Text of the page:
In addition to cardiovascular health, interval training has also been proven to increase the body’s ability to burn fat. In a study published in the Journal of Applied Physiology eight women in their early 20s cycled for 10 sets of four minutes of hard riding, followed by two minutes of rest. Over two weeks, they completed seven interval workouts. After interval training, the amount of fat burned in an hour of continuous moderate cycling increased by 36 percent. They also found that it did not matter how much the person was already training. Even if they were frequently visiting the gym they still found improvements to endurance.

Interval training does not need to be limited strictly to pieces of cardio equipment. In several training classes here at the gym (Body Pump, Boot Camp, Winter Sports Prep, etc.) interval training is utilized by pushing your body for a specific amount of time and limiting the amount of recovery. This is done using a wide variety of total body exercises.

So the next time you are in a rut in the cardio room and you want to spice it up, try throwing in some sprints, always warming up first. You can start as simple as 15 seconds of sprinting with 90 seconds of recovery. As you start to get stronger you can increase the sprint time and decrease the recovery.

If math isn’t your strong suit, come join a Boot Camp class or jump in the Winter Sports Prep and Play program and let the trainers do the counting for you!

How to Supercharge a 20 Minute Workout

So, you have 20 minutes and you can’t decide if it’s worth working out. You ask, “Is 20 minutes really enough time to do anything? Is it worth me getting changed and finding my workout socks at the bottom of my bag for?” Let me tell you, it is!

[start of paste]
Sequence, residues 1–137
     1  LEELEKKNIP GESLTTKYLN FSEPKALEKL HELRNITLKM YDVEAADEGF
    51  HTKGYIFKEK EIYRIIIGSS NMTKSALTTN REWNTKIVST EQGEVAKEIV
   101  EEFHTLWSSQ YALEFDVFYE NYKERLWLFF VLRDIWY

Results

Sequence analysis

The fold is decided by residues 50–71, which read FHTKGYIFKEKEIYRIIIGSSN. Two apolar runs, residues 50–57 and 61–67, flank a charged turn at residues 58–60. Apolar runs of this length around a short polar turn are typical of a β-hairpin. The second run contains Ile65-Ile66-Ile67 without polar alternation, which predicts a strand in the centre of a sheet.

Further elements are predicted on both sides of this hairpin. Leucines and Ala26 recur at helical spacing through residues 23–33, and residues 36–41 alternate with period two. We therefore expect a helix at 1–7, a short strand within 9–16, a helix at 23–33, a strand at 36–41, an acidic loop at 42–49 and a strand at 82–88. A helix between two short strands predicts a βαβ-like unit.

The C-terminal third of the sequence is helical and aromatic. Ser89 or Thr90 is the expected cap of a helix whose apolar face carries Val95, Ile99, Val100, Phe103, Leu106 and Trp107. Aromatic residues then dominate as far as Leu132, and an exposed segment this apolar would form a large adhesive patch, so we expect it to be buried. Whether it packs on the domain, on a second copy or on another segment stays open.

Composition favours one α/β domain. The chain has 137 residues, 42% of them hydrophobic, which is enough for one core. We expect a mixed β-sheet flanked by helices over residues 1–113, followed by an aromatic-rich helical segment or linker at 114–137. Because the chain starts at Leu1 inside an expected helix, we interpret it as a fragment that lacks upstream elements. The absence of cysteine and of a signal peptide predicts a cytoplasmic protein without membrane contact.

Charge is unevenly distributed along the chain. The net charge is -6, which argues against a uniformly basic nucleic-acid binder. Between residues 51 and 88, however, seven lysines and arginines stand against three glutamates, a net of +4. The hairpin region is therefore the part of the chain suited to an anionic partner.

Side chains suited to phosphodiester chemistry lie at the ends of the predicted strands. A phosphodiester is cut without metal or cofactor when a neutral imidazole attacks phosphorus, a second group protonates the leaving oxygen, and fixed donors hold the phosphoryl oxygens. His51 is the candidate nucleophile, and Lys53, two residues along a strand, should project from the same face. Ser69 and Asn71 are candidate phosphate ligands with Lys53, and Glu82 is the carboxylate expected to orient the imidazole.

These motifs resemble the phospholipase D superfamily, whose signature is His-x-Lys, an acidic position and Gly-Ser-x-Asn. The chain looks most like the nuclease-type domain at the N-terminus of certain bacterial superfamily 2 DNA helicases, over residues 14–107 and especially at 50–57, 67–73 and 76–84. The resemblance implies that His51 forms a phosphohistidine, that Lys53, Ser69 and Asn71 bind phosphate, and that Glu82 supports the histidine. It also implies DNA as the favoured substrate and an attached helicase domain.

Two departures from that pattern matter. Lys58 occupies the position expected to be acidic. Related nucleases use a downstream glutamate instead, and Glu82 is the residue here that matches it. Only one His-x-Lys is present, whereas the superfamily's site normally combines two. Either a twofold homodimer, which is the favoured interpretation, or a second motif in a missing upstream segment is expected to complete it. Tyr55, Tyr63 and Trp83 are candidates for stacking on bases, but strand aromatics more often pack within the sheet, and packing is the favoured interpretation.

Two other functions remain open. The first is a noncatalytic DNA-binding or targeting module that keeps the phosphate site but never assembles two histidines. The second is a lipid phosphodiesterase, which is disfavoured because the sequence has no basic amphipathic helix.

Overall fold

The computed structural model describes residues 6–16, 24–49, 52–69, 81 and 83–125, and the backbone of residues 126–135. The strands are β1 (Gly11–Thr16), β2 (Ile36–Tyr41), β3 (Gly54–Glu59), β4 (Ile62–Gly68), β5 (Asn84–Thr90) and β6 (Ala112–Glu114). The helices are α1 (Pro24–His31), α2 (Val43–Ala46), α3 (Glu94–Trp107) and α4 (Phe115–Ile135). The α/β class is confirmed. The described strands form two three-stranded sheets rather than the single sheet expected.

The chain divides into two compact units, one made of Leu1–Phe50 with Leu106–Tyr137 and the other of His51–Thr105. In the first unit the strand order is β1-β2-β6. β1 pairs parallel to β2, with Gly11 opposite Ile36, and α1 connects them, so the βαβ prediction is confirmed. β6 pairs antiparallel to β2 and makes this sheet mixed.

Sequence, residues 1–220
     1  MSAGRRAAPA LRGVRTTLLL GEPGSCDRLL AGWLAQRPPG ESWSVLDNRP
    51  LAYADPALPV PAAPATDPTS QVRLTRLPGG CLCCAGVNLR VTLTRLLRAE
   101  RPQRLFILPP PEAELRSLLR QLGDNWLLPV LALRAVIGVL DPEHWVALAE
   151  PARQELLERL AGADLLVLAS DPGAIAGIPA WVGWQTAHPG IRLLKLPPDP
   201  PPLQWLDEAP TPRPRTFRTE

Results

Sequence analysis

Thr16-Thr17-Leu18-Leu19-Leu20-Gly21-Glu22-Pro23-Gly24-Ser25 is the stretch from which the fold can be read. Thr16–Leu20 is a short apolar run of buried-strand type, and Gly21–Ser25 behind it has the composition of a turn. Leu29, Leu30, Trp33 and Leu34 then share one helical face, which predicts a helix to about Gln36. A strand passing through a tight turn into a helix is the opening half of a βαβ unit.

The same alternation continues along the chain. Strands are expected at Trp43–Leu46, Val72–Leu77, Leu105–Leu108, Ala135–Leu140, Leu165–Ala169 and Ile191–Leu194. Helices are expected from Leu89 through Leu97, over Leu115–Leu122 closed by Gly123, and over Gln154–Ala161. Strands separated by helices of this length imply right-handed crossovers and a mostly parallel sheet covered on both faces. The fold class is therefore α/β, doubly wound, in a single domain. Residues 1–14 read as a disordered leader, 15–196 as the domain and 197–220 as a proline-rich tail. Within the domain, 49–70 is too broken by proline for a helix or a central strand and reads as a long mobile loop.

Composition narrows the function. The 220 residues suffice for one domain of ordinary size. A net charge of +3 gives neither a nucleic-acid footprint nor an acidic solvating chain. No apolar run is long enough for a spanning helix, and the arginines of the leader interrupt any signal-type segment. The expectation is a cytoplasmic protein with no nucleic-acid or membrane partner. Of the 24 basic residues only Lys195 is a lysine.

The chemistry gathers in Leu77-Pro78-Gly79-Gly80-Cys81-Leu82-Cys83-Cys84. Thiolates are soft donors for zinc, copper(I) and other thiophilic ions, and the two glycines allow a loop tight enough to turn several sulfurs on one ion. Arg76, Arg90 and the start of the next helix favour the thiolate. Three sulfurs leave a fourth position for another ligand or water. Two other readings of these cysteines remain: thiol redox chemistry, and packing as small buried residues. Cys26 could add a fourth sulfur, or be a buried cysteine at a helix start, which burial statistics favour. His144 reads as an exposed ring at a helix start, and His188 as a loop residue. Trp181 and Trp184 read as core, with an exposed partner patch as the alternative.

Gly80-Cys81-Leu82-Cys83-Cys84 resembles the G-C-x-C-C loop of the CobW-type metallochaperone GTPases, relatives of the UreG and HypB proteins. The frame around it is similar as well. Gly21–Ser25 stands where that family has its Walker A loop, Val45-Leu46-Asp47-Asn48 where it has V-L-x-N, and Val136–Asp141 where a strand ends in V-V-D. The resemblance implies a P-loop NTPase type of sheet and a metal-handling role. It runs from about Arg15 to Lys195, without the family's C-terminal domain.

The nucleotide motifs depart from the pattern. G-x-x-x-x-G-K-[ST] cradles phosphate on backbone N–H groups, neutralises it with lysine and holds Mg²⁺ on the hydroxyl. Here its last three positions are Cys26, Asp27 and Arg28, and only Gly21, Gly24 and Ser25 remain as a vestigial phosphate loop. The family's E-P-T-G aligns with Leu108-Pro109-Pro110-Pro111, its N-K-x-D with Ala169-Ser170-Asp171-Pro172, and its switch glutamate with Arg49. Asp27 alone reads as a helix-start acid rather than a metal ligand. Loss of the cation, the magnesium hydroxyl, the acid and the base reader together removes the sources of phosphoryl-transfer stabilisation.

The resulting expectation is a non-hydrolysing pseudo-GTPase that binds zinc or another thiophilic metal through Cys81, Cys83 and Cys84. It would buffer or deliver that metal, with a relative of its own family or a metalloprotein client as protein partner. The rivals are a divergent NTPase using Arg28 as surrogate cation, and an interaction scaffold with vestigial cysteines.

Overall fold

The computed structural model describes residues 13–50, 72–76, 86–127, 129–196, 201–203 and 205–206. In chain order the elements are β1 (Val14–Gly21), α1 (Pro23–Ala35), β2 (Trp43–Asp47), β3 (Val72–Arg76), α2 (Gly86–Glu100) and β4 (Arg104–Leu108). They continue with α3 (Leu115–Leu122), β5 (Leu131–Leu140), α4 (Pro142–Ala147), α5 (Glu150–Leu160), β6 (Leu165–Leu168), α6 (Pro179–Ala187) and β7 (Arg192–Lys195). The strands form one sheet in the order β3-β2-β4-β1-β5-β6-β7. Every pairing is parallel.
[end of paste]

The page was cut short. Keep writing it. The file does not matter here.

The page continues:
Here are a few ways to make 20 minutes seem like an eternity!

  1. High cardio interval training. Sprint one lap on the track and walk a straight away. Repeat until 20 minutes is up or you die.
  2. Stairs, run them, jump them; carry a med ball over your head, etc. etc. Nothing like moving your body up through space with the biggest muscles in your body to not only burn massive amounts of calories but also increase your strength.
  3. Strength work. Pick a big full range of motion lift, preferable a lower body exercise. Do a quick 5 minute warm-up and then add weight until you get to your heavy weight (as many sets of 3-5 as you can fit in 20 minutes). Front squat (works quads, glutes, hams, and core), back squat (same as front with more emphasis on hams and glutes), single leg front squats, push press, thrusters, or deadlifts. You’ll be amazed at how fast you start sweating when you start adding “real weight” to your major lifts. Not only will you increase strength (and thus increase metabolism), but if you give your self just enough rest to make the next set you’ll also be working on your cardio!
  4. Combine 4 basic movements and do as many as you can until your time is up. Air squats, push-ups, lunges, bench dips. All very basic, all body weight, all can be done ANYWHERE. Do as many air squats as you can, when you have to break or your form becomes less than 100% move to push-ups. Move through all exercises and start all over. To make it fun you can record how many reps you did of each exercise. You’ll be smoked and wishing that you only had 10 minutes to workout!
  5. Find a happy medium. Do 2 minutes of sprinting (all out effort) on any machine, after that move to 3 or more of your favorite exercises. Again, the more weight or the more body parts involved in the exercise the better but as long as you keep moving sky is the limit. Perform 10 perfect reps of each exercise (ab roll-ups, kettlebell swings, long jumps) and then hit up the cardio again. Repeat 3-4 times and enjoy the high caloric burn!

These are just a few ways to make 20 minutes worth the effort of lacing up your gym kicks! If you need more guidance or ideas try a session or two with a personal trainer and see what else the exercise world has to offer!